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These ugly looking things are celery root.  I’ve never cooked with celery root, and not even sure if I’ve ever eaten it.  Nevertheless, this recipe for celery root soup has intrigued me ever since I saw it in Food and Wine last year.

I’m not  a huge fan of celery, mostly because it’s just stringy and weird.  When I cut the root open and discovered it smelled exactly like celery, I got a little nervous.  I wound up doctoring the recipe a bit to try to balance out the celery flavor.  Lucky for me, this soup was indeed good.  While celery root smells like celery, it tastes a little earthier and, even better, no weird strings.  I will definitely cook with it again.  The version below is my version.

The original recipe in Food and Wine suggested pairing it with clementine toasts.  I had picked up a bunch of satsuma mandarins at the farmers’ market, so I thought I’d try pulling it off.  The relish was really, really good.  Sort of like a marmalade-chutney type of spread.  However, segmenting satsumas is something I will never, ever do again.  Lots of work to produce about a teaspoon of segment from one mandarin.  Argh.  I used about seven of them, when the recipe recommended two, and made a giant mess in my kitchen.  So, while delicious, I recommend trying this with normal sized oranges.

Everything here is local, except for the mustard seeds.  The bread comes from Acme bakery, the wine from St. Supery in Napa, all produce comes from the farmers’ market, and the dairy from Clover Stornetta in Petaluma.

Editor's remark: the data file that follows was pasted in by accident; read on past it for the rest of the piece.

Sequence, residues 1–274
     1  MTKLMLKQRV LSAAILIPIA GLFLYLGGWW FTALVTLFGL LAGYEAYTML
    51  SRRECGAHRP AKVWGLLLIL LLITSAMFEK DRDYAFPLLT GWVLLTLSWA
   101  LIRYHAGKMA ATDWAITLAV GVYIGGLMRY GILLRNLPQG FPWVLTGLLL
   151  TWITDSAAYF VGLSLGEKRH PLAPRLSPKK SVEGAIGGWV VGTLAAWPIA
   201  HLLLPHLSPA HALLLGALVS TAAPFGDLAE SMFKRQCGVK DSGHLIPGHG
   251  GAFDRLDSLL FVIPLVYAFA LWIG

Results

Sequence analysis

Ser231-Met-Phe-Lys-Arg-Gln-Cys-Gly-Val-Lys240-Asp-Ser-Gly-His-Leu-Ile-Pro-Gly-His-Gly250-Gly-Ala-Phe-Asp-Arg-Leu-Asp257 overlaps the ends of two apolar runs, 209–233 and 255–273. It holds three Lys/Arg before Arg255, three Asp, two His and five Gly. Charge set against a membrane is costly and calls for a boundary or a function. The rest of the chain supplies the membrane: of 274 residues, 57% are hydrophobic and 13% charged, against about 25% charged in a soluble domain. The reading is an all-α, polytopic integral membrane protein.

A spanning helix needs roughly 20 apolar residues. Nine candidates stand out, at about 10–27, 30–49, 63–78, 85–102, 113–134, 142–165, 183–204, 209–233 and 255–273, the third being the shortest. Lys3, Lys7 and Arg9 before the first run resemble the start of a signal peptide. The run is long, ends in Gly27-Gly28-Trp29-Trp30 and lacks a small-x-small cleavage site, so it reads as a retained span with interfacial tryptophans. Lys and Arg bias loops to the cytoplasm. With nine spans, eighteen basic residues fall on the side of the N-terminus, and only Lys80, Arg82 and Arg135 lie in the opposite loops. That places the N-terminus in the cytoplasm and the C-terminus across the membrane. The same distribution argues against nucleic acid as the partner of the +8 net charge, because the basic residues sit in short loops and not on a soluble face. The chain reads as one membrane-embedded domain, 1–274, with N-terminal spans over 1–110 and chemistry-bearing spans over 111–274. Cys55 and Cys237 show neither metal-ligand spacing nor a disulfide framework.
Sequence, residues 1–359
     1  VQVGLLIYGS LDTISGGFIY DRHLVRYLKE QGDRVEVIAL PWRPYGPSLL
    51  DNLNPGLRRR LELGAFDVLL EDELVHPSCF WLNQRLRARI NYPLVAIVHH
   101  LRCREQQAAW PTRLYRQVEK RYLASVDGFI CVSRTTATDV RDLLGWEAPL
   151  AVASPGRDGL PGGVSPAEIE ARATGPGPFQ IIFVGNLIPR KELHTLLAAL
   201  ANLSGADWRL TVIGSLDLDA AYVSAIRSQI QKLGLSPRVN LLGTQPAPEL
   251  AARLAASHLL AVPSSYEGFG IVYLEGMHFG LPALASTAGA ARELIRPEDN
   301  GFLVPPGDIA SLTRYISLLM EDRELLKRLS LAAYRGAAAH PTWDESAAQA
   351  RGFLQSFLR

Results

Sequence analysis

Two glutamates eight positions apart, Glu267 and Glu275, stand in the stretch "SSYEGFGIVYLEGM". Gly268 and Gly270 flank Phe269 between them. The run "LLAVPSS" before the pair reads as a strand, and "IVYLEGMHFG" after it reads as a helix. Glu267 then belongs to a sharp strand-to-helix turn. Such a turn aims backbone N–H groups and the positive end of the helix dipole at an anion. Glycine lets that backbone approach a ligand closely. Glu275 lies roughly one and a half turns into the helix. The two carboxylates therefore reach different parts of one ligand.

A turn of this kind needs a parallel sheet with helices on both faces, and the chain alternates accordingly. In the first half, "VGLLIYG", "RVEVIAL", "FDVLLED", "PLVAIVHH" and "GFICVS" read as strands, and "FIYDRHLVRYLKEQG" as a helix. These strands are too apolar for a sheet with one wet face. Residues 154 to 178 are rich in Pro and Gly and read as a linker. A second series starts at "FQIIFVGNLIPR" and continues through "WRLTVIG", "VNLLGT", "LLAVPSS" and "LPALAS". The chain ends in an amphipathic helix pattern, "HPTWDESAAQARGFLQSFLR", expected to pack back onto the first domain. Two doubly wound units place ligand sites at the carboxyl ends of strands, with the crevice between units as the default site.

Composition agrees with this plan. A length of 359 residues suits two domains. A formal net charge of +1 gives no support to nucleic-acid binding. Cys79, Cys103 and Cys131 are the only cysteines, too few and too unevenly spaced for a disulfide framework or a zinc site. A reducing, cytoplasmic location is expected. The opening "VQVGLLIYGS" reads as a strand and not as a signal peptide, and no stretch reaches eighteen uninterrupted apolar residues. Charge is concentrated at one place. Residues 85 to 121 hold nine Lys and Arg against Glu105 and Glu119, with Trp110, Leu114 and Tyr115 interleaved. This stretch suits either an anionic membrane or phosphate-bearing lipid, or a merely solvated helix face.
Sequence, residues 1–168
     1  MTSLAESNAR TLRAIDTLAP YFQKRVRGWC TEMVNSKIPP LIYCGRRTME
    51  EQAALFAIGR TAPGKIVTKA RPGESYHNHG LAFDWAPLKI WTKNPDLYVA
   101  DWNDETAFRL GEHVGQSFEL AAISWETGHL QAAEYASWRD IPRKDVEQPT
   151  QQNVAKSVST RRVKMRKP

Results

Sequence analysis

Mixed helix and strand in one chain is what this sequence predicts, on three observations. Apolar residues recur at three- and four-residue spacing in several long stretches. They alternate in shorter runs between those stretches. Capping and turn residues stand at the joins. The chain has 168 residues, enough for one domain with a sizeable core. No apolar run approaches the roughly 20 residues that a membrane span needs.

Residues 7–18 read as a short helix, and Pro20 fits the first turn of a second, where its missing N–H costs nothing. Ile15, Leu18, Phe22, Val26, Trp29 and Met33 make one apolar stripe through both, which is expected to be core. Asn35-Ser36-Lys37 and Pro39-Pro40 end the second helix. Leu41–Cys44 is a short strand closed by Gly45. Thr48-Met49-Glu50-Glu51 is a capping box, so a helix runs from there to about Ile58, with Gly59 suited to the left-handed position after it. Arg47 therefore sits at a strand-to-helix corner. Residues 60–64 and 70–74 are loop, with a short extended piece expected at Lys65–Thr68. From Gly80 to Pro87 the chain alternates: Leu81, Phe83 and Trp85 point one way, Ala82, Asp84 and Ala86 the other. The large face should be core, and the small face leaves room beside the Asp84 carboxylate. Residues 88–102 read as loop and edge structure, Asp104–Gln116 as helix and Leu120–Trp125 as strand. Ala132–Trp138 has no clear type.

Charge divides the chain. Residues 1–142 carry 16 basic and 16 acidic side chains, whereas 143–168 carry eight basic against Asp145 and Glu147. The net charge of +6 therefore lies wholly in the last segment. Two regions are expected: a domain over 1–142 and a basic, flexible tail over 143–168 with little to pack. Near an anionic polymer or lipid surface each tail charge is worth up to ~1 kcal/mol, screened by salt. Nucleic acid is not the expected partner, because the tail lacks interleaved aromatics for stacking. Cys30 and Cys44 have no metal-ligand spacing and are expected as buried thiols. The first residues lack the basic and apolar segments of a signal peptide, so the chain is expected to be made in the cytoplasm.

Celery Root Soup
Inspired by Food and Wine, original recipe can be found here.

Ingredients
2 tablespoon unsalted butter
2 medium leek, white and tender green parts only, thinly sliced
3 cloves of garlic, finely minced
1/4 cup dry white wine
2 1/2-3 pounds celery root, peeled and cut into 1-inch cubes
4 cups chicken or vegetable broth
2 cup water
1/3 cup heavy cream
Salt, pepper, and parsley to serve

Directions
In a saucepan, melt the butter. Add the leeks and cook over moderately low heat, stirring, until softened, about 4 minutes.  

Add the garlic and the white wine, scraping up any bits that have accumulated on the bottom.  Add the celery root, broth and water.  Bring to a simmer and cook until the celery root is tender, about 20 minutes.

Working in batches, puree the soup in a blender.  Return to the saucepan and stir in the cream.  Season with salt and pepper and garnish with parsley.